East River CORE (pt.3)

The initial rally on July 18th,1964 was attended by approximately two hundred and fifty people. According to the press, at least two East River CORE members, Ernie Russell and education chairman Charles Saunders, played a central role in leading the rally. At the end of the rally the protesters were led to the nearest police precinct by Rev. Nelson Dukes. When the protesters were blocked by cops from getting into the precinct, the street in front filled up. Some were arrested for sitting down in the middle of the street. The riot began after the cops pushed people off the street and away from precinct into avenues.

The 6 CORE members arrested at the start of the Harlem riots (Judith Howell of Bronx CORE, Walter Flesch, Mike Kinsler, Ernest Russell, Charles Saunders, Arthur Harris of South Jamaica CORE) were eventually found not guilty of disorderly conduct and resisting arrest.

These events are the beginning of the ‘long hot summers’, the urban rebellions or riots that took place in northern cities across the nation during the mid to late 1960s. It also was the beginning of the White members eventual exodus from the chapter. Some stayed in CORE. Stu Wechsler, who became a field secretary, was one of the last White members to work at the national level. Strangely by 1965, Blyden Jackson had left the chapter, claiming the “Whites were trying to take over”. He would go on to become a leader within the Harlem chapter of the NAACP.

Death and Rebirth
By the fall of 1964, ER CORE appears to have been ‘deactivated’. It was placed under trusteeship by CORE’s Northeastern regional office located at 48 west 125th street. The regional office established the Council for Jobs and Freedom at 72 west 125th street with the hopes it could ‘reactivate the chapter’ using ‘some people formerly with the chapter’ and some of the ‘few remaining members of ER CORE’. It covered the area of 125th – 141st streets between Madison avenue and the FDR Drive. In the short time the Council existed, it created a Welfare Mother’s League and a complementary typing school, two basketball teams and an arts and crafts class for local kids. It also created a remedial reading program using the Myron Woolman method from the Institute for Educational Research. The council ended May 21, 1965 presumably due to lack of funds.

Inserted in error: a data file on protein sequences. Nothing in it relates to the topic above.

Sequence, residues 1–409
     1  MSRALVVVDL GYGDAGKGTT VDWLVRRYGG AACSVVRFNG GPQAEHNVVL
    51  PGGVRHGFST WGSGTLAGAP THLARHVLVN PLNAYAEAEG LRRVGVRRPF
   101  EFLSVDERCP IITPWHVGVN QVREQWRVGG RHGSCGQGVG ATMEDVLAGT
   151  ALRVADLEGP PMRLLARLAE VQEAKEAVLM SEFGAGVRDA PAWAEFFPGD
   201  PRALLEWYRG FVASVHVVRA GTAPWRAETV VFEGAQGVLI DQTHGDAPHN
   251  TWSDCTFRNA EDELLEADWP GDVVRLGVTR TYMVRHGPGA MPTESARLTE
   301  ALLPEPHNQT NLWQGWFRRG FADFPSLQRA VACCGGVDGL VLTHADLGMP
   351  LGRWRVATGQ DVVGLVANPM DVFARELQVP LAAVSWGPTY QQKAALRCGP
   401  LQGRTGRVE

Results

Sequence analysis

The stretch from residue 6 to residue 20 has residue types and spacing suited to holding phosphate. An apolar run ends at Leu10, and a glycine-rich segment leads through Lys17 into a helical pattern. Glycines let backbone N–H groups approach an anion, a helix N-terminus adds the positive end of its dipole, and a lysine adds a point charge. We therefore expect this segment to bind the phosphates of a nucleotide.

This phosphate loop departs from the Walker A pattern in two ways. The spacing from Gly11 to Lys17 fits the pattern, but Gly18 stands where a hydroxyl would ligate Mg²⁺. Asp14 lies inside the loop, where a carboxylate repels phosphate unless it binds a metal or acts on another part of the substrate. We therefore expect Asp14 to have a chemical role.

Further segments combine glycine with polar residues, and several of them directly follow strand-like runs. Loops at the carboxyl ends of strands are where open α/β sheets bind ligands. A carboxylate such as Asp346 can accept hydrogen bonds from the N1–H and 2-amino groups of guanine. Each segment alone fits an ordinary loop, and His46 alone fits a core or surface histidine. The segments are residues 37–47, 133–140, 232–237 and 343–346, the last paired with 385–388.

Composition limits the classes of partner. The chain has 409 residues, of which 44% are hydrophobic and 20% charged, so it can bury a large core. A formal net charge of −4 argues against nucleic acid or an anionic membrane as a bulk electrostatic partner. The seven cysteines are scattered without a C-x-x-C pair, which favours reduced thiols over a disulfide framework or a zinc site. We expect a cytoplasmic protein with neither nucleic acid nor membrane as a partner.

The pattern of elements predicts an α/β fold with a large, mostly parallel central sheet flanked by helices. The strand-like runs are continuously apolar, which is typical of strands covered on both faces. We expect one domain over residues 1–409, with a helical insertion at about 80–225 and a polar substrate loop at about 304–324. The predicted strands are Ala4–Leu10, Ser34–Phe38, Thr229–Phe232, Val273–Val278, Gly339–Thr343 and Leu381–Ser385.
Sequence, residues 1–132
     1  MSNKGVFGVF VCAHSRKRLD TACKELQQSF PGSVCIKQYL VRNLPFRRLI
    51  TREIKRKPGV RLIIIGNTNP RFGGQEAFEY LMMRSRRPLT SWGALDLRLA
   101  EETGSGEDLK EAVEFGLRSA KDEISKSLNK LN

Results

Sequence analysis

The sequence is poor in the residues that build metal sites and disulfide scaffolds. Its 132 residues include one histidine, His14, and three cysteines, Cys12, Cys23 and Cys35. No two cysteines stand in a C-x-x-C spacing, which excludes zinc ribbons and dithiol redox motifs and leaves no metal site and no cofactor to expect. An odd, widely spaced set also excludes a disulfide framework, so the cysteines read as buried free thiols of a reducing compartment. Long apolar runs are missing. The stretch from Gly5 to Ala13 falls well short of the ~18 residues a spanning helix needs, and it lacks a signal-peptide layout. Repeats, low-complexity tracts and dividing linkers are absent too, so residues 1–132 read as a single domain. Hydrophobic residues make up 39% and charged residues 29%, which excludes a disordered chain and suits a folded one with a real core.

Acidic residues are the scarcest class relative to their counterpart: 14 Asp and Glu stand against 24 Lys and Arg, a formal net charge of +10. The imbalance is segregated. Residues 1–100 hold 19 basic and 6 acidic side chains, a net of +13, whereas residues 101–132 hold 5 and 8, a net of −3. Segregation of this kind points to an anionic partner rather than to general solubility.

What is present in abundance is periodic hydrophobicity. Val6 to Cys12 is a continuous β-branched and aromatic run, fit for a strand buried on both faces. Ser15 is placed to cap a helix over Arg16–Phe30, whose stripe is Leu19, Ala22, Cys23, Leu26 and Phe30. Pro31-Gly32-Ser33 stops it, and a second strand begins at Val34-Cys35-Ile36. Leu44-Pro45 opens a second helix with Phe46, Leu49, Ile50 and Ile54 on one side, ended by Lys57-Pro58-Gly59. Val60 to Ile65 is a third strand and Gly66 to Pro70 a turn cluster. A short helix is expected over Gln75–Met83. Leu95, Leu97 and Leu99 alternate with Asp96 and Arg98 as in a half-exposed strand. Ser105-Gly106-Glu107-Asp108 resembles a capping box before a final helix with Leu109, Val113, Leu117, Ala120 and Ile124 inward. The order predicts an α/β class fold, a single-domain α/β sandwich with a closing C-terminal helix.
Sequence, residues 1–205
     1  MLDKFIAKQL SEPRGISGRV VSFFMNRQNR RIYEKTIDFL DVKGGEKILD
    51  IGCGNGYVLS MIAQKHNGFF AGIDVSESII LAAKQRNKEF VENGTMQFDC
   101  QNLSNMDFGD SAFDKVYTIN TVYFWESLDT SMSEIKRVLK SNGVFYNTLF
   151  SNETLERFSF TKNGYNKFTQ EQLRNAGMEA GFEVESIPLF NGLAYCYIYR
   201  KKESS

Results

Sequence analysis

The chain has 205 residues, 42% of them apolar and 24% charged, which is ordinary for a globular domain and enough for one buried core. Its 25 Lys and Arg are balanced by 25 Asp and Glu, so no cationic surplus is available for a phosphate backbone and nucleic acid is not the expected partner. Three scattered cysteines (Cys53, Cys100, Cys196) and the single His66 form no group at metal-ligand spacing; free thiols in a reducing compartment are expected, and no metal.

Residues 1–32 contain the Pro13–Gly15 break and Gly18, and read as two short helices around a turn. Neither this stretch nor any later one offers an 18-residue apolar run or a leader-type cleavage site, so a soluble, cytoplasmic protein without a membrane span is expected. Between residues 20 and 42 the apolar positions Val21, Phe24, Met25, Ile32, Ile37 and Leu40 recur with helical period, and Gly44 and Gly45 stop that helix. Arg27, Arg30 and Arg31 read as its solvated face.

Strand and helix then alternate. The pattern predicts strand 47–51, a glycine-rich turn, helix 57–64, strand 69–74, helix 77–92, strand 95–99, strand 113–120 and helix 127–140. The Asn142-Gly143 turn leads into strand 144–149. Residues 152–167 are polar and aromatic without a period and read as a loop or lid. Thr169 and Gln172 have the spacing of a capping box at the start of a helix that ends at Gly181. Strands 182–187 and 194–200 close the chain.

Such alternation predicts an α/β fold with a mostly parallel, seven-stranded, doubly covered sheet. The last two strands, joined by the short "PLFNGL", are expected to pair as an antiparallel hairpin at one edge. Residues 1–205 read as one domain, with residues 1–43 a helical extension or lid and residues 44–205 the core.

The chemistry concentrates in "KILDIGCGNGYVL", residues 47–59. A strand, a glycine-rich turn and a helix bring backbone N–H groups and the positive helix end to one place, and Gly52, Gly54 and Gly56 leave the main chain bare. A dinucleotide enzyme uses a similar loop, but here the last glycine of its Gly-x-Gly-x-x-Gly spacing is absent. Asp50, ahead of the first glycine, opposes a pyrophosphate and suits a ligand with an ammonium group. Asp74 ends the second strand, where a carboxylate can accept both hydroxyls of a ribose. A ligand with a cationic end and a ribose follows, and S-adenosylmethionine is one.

Prior to the Whites being pushed out of the chapter, some members were going to the Tersesa Hotel where Malcolm X had the offices for his Organization of Afro-American Unity (OAAU) to attend meetings, listen to him speak and meet with him. Conventional wisdom says Omar Abu Ahmed may have much to do with this.

Ahmed would eventually be identified as the head of ER CORE by both the New York Times and the Amsterdam News. He and Roy Innis even worked together to try and convince Adam Clayton Powell to come back from the Bahamas to deal with Powell’s political problems. By the end of 1966 however, Innis led the effort to close the chapter, arguing it was ineffective. Though there was an effort to re-activate the chapter, by April 1967, the chapter was officially disaffiliated. Whatever group still existed was told they could no longer use the name CORE.

Ahmed became one of the chief organizers for the National Black Power Conference held in Newark in the summer of 1967, the second of such Black Power conferences. Many of the ‘Rustinites’ from ER CORE became leading members of the Social Democrats, USA (formerly the Socialist Party of America) and worked along with Michael Harrington. Most interesting, though, was the eventual election of Sandy Feldman as head of the United Federation Teachers (UFT), the country’s leading teacher’s union. The well respected Feldman had been the protégé of former UFT head Al Shanker, a man still referred to as ‘the enemy’ by former CORE members. His racist actions during the Ocean Hill-Brownsville school demonstrations of the late 1960’s led to many of the Black Power advocates of CORE to be labeled ‘anti-semitic’ in the press.


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